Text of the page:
US Troops Build 'Alamos' Against Insider Attacks

US Not Reporting All Attacks by 'Friendlies'

U.S. military units have resorted to building hardened safe rooms, or what they call "Alamos," to protect themselves from potential attacks from the soldiers and police officers they are training, according to a report from Stars & Stripes.

Troops have built the safe rooms as U.S. and NATO commanders receive almost daily reports of supposed Afghan security forces turning their guns on their trainers. U.S. military leaders have urged troops to maintain partnerships, but also use caution.

"Well, you have to take precautions" although close partnership is still the strategy, said Alexander Vershbow, the deputy Secretary-General of NATO and a veteran U.S. diplomat. "But you have to take precautions that won't undermine success."

Vershbow seemed taken aback when asked Wednesday about small groups of U.S. troops building hardened safe rooms on forward bases controlled by Afghans to retreat to in case of trouble, as reported Wednesday by Stars & Stripes.

At Fort Irwin, Calif., last week, where troops were training for deployment to Afghanistan, Army Command Sgt. Maj. William Johnson of the International Security Assistance Force Joint Command in Kabul said the safe room technique was a last resort for isolated troops who might be in a precarious position.

"What can we do, say, if we have another Quran burning incident" such as happened earlier this year with the accidental burning of the Muslim holy book? "How would our small group protect themselves?" Johnson said.

The group would have "hardened areas that we could literally Alamo until reinforcements arrive," said Johnson, who was touring training areas in the states before returning to Afghanistan.

"It's something that we've always thought about, but with the increase in insider threats. ... I think what it's caused us to do is rehearse it," Johnson said, according to Stars and Stripes.

But Johnson, as well as Vershbow, stressed that improving the "cultural sensitivity" of U.S. troops to behavior that might be offensive to the Afghans was a key to the success of the transition of security responsibilities from the U.S.-led coalition to the Afghan forces.

"The bottom line is that maintaining a collaborative relationship is the formula that has worked," Vershbow said.

At least 45 coalition troops have been killed this year by individuals in Afghan police or army uniforms and the insider attacks "are of tremendous concern to everybody at NATO," Vershbow said.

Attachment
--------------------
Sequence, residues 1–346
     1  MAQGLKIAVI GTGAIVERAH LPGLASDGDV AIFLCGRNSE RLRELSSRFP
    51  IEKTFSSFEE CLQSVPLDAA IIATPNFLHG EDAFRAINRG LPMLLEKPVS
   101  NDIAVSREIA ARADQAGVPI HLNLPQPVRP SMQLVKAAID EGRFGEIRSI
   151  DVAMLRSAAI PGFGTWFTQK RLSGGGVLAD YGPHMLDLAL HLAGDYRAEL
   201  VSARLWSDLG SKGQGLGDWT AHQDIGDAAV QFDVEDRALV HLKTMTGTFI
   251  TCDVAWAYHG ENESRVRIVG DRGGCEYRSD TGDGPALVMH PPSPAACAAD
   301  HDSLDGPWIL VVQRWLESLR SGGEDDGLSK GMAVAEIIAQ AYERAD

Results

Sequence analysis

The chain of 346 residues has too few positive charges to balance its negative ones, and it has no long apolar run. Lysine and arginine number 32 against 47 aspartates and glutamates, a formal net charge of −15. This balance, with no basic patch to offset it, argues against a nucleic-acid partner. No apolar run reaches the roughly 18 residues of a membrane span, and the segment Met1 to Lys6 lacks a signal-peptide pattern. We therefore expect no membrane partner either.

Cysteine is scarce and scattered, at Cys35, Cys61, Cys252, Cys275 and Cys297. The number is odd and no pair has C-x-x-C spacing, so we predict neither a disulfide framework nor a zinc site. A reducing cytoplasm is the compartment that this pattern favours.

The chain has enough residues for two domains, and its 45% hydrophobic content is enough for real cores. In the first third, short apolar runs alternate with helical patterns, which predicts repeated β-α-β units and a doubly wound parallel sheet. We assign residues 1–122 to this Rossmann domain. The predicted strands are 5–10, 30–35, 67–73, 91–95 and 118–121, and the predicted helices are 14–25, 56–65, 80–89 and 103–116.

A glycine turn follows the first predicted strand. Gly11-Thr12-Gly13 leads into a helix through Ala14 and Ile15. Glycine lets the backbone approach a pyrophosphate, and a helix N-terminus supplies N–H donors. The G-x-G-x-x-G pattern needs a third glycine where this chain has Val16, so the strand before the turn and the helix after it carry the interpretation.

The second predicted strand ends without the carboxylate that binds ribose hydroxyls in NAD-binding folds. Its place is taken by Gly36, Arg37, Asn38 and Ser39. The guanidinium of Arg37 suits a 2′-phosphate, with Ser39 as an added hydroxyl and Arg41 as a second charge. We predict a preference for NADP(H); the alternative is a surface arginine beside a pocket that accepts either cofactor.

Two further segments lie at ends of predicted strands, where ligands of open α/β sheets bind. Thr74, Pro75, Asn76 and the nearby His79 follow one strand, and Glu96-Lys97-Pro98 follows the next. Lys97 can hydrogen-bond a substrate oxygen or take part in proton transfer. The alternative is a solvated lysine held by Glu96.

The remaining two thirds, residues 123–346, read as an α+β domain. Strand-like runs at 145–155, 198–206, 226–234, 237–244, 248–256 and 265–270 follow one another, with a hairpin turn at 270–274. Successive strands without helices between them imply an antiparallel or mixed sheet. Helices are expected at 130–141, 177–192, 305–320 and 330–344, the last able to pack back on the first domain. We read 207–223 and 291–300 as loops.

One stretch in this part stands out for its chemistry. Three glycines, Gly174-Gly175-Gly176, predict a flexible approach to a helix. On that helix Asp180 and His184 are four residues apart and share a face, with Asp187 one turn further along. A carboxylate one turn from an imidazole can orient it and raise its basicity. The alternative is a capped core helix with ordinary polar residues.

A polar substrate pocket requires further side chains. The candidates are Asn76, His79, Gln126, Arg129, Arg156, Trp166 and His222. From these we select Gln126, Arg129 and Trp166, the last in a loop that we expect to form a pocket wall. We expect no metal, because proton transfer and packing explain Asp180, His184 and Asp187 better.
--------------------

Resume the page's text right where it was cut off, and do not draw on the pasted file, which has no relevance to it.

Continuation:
"We have to "train our own troops to be more sensitive," he said. "In the broader scheme of things, our strategy is working."

Nearly a third of the U.S. troops killed this month in Afghanistan – 12 of 38 – have been victims of insider attacks. August has also been the worst month of the year for the coalition with a total of 48 troops killed thus far compared to 46 in July -- the previous highest monthly total for 2012.

Despite the spike in insider attacks, both President Obama and Marine Gen. John Allen, the ISAF commander, last week stressed that closer cooperation with the Afghan security forces was vital to a successful transition that would allow the allies to withdraw all combat forces in 2014.

In a video briefing to the Pentagon Aug. 23, Allen said the current focus was on green-on-blue attacks.

 "But the real story here is green and green. Every day, hundreds of thousands of Afghan soldiers and police across this nation work and fight side by side with coalition troops to defeat our common enemies and protect the civilian population," Allen said.

Obama emphasized that U.S., NATO and Afghan forces must keep close contact, but those relationships must not put troops in vulnerable positions.

"And you know, part of what we've got to do is to make sure that this model works but it doesn't make our guys more vulnerable," Obama said. "We've got to make sure that we're on top of this."

The more frequent insider attacks have posed a challenging dilemma for troops on the ground and should focus the White House and the Pentagon on a faster withdrawal from a war that the polls show Americans no longer support, said Lawrence Korb, a military analyst at the Center for American Progress and a former assistant secretary of Defense.

"The troops are worried now about trying to protect themselves from the people they're trying to protect," Korb said. "That's an indication that we've reached the point of diminishing returns" in Afghanistan.

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